To prepare CVD-grown PdGr nanocomposite interconnect, a photolithographically defined Pd network was deposited on a SiO2 (300 nm)/Si substrate by sputtering. This network was directly used as the catalyst for graphene synthesis, as illustrated in Fig. 1a, b. Three thicknesses of Pd substrates 285, 350, and 677 nm were tested in this study. We used a deterministic architecture of the building blocks with horseshoe-shape geometries in a triangular lattice configuration of repeating units (Supplementary Fig. 1a)19. We have previously developed a rapid CVD process for high-quality graphene synthesis on ultrathin Pd films without solid-state dewetting18,20. Here, as-deposited Pd TFN was first annealed in the He environment at 600 °C for 1 h to release the residual stress from the sputtering process. The annealing step also reduces the grain boundary density (Fig. 1c and Supplementary Fig. 1b, c), which has been previously shown to enable high strain deformation9. Additionally in our study, since graphene growth on palladium occurs by carbon precipitation, large Pd grains facilitate uniform graphene synthesis as they enable uniformly distributed carbon dissolution. Supplementary Figure 2a, b present the representative Raman spectra and the G peak location map. Raman analyses indicate that FLG with low defect density fully covers the Pd surface. Supplementary Fig. 2c shows the transmission electron microscope (TEM) images of freestanding PdGr network ligaments verifying the uniform and conformal wrapping of FLG around the Pd. Notably, CVD-grown PdGr exhibits strong graphene-metal interfacial interaction, as graphene is known to have strong affinity to Pd21,22,23,24. To be specific, Pd-Gr separation distance is 0.25 nm, which is about 24% shorter than that of CVD-grown Cu-Gr25. This indicates that the interfacial adhesion energy of Pd-Gr is higher than that of Cu-Gr system (~12.8 J m−2)26. Fig. 1d shows the surface morphology of as-grown PdGr, which exhibits surface reconstruction of curved steps and terraces in each grain also indicating strong Pd-Gr adhesion22,27. After graphene synthesis, the as-grown PdGr TFN can be transferred and encapsulated inside of a polydimethylsiloxane (PDMS) thin substrate, as illustrated in Fig. 1e, f (See “Methods” for detailed experimental procedures). Liquid metal (Galinstan) was used to connect the TFN to electrodes to avoid connection failure during mechanical deformations.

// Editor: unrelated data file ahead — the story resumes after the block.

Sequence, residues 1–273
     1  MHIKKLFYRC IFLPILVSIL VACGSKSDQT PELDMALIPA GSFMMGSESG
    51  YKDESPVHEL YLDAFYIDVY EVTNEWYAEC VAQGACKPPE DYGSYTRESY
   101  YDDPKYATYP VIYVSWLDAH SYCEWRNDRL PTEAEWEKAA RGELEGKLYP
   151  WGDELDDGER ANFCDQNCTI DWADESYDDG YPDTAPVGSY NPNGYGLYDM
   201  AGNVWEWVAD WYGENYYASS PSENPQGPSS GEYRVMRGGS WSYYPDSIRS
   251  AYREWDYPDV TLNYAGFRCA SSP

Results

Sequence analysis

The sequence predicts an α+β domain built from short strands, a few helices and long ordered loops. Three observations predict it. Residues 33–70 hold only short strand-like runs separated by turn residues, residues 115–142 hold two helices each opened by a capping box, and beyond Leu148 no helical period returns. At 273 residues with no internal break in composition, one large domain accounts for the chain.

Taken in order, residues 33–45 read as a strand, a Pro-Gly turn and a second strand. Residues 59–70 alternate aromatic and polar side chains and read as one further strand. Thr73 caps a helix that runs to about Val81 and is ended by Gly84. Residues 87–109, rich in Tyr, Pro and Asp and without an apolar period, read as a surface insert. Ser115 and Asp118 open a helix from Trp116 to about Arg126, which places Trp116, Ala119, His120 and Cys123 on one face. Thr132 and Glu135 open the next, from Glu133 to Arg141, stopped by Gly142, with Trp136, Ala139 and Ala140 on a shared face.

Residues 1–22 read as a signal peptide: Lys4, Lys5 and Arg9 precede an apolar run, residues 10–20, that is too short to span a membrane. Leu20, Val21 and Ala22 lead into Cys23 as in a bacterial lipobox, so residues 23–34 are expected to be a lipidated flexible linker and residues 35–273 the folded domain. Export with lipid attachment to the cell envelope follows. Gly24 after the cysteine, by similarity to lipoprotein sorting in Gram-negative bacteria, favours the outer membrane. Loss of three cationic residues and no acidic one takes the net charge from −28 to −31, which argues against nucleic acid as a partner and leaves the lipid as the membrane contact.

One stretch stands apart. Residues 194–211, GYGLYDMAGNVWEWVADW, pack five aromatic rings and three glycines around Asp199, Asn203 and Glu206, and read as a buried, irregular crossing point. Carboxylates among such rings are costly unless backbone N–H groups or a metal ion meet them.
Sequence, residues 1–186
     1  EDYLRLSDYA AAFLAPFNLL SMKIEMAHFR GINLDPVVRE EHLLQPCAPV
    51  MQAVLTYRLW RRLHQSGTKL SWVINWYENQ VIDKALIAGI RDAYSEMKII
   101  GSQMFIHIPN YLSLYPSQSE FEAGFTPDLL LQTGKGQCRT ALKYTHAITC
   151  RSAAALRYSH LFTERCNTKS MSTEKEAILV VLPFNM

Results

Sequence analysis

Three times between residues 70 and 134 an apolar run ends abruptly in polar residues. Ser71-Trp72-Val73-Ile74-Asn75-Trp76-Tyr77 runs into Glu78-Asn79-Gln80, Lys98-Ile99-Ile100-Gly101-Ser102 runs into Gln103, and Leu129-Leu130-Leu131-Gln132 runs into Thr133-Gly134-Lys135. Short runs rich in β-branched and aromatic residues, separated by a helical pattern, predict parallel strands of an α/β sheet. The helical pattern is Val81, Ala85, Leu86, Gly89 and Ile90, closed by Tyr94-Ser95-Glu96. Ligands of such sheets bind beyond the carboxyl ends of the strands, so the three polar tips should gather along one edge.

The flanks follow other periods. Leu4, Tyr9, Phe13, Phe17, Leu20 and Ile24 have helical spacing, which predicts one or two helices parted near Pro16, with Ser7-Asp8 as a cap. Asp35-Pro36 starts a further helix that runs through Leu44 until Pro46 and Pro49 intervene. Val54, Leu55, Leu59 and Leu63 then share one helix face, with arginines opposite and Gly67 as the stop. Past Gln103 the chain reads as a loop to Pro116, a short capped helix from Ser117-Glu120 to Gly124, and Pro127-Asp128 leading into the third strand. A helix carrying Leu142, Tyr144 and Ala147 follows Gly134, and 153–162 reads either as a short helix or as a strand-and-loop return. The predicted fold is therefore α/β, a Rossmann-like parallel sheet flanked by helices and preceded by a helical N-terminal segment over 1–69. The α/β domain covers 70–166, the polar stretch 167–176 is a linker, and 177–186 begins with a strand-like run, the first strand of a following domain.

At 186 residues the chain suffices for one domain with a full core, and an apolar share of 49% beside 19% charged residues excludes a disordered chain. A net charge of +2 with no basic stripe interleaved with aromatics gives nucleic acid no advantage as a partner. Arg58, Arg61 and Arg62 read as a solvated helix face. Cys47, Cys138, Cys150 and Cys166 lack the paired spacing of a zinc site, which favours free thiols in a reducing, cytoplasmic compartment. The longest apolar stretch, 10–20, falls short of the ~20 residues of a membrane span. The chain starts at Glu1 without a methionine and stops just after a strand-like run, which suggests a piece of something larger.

Fig. 1: Chemical vapor deposition (CVD) of graphene on metal thin film interconnects for stretchable devices.
figure 1

a Schematic of a patterned wavy thin film network (TFN) based on the ‘horseshoe’ pattern deposited on the SiO2/Si substrate. b Schematic of CVD-grown graphene-metal TFN on the SiO2/Si substrate. c, d SEM images of annealed Pd and as-grown PdGr thin film surface, respectively, showing the surface morphologies before and after graphene growth. e Schematic of CVD-grown PdGr TFN transferred and embedded in a flexible PDMS substrate. f Schematic of the deformation of as-fabricated TFN with PDMS carrier under uniaxial tension. Scale bars in (c, d): 1 µm.